ISSN : 1301-5680
e-ISSN : 2149-8156
Turkish Journal of Thoracic and Cardiovascular Surgery     
Closure of an acquired aortocoronary venous fistula after coronary artery bypass grafting causing heart failure and stable angina: A case report
Hakan Göçer1, Muhammed Abusharekh2, Ertugrul Ercan2, Ahmet Barış Durukan3
1Department of Cardiology, MedicalPark Uşak Hospital, Uşak, Turkey
2Department of Cardiology, MedicalPark İzmir Hospital, Uşak, Turkey
3Department of Cardiovascular Surgery, MedicalPark Uşak Hospital, Uşak, Turkey
DOI : 10.5606/tgkdc.dergisi.2019.18381

Abstract

Iatrogenic aortocoronary venous fistula arising from anastomosing an aortocoronary graft to a cardiac vein is a rare a complication following coronary artery bypass grafting. A 75-year-old male patient was admitted with recurrent angina accompanied by congestive heart failure six years after surgery. He was diagnosed with an acquired saphenous vein graft-tocardiac vein fistula. Based on the estimation of risks versus benefits, the heart team decided to perform percutaneous closure with a vascular occlusion device. Subsequently, complaints and echocardiographic findings of the patient resolved.

Acquired aortocoronary venous fistula (ACVF) is a rare, but critical complication of coronary artery bypass grafting (CABG) and leads to serious clinical consequences, such as coronary steal phenomenon, high-output heart failure, cardiac tamponade, and death.[1] Although ACVFs have primarily been treated surgically, advanced percutaneous techniques seem to be promising in recent years. These include coil embolization, balloon occlusion, stenting unbypassed artery, covered stent deployment either by antegrade or retrograde delivery, double-umbrella or vascular occlusion devices.[2]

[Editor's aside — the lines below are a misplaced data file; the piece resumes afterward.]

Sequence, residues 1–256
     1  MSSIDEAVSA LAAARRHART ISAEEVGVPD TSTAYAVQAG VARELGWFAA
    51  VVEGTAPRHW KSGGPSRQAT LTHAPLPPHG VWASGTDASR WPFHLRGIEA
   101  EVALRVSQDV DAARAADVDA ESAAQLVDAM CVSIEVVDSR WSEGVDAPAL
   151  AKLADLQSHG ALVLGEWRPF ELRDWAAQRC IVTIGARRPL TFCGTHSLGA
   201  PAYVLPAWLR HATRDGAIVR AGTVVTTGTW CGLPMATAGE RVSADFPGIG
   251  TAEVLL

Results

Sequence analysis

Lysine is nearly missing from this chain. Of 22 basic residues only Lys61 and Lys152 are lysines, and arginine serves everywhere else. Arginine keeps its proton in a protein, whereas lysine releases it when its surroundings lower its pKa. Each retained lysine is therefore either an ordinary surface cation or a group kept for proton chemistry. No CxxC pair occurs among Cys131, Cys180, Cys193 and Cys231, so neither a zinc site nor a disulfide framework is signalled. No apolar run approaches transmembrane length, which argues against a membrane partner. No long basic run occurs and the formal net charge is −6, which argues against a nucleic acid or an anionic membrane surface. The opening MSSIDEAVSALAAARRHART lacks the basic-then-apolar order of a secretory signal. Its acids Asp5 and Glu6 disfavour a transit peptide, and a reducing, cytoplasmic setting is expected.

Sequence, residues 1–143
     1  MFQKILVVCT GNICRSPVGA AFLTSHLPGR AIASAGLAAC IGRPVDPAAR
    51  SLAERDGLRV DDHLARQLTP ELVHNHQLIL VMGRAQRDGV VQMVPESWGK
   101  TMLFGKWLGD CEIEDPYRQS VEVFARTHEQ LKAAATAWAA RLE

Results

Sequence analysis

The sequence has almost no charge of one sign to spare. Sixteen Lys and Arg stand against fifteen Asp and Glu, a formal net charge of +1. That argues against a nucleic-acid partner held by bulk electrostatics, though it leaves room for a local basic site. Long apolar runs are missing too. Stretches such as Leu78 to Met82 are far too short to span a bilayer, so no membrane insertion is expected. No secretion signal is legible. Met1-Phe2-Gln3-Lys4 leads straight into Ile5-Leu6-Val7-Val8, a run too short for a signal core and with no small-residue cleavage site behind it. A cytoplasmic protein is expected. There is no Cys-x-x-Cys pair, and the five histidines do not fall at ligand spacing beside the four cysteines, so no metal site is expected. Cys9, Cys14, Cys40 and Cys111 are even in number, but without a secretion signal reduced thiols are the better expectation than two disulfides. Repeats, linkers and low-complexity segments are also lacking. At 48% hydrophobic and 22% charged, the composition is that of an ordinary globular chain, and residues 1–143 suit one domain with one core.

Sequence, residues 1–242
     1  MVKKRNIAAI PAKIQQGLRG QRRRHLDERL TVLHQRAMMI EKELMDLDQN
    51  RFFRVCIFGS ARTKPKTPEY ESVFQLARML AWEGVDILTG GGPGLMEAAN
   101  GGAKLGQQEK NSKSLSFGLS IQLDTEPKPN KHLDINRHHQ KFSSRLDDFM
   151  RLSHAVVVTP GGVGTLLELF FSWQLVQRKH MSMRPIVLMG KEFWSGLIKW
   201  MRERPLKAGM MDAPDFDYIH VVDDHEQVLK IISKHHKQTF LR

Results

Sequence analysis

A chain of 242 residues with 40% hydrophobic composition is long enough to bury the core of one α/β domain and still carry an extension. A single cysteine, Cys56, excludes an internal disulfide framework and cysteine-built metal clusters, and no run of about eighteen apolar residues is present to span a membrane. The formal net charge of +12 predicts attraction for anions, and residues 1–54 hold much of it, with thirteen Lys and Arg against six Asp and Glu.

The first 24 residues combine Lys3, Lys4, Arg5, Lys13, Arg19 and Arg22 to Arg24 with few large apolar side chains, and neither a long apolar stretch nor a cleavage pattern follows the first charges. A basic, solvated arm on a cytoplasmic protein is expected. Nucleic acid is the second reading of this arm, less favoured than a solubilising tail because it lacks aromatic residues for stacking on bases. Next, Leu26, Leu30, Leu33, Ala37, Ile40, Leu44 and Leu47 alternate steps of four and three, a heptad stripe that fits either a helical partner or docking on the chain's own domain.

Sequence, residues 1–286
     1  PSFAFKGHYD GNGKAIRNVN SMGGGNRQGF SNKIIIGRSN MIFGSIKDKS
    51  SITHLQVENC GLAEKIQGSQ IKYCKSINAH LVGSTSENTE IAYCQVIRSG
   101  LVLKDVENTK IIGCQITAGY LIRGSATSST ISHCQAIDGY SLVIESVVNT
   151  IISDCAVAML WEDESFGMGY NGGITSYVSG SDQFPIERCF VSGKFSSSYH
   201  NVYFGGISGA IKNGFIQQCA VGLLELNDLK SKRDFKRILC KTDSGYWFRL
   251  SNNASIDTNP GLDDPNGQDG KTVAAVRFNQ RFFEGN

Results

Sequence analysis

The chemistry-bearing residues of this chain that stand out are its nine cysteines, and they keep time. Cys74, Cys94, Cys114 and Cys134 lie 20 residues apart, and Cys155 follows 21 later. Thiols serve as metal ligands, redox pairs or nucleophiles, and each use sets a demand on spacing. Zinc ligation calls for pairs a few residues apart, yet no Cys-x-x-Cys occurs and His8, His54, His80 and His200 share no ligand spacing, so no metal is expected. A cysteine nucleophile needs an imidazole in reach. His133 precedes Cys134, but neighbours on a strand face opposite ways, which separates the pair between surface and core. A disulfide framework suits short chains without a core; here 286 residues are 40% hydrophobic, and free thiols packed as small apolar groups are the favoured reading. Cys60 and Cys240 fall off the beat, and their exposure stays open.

Herein, we present a case of an acquired saphenous vein graft to cardiac vein fistula which was successfully occluded with a vascular occlusion device.

Case Presentation

A 75-year-old male patient was referred to our clinic due to recurrent stable angina attacks and progressive exertional dyspnea. The Canadian Cardiovascular Society grading of angina was III. He underwent CABG in an external center 10 years ago with saphenous venous grafts (SVG) to left anterior descending (LAD) artery, right circumflex artery (RCA), and obtuse marginal (OM) where proximal anastomosis of the OM SVG was performed on LAD SVG (which was later understood that it was anastomosed to the great cardiac vein accidentally). Following CABG, there were no significant complaints. Six year later, symptoms appeared which progressively increased for the past four years.

Electrocardiography during admission revealed non-specific ST and T-wave changes with findings of biatrial enlargement. Transthoracic echocardiography demonstrated dilated heart chambers with a pulmonaryto- systemic flow ratio (Qp/Qs) of 2.1, supporting important left-to-right shunt. It would be more reliable, if the Qp/Qs ratio was measured with catheterization rather than echocardiography. Pulmonary hypertension, biatrial enlargement, and normal left ventricular systolic function were observed. Coronary angiography and subsequent selective coronary vein graft angiography revealed anastomosed SVG-to-great cardiac vein, consequently flowing into the coronary sinus (Figure 1a, 1b). After estimation of risks versus benefits, the heart team decided percutaneous closure of ACVF due to symptoms and signs of high-output heart failure and recurrent angina episodes, despite optimal medical treatment.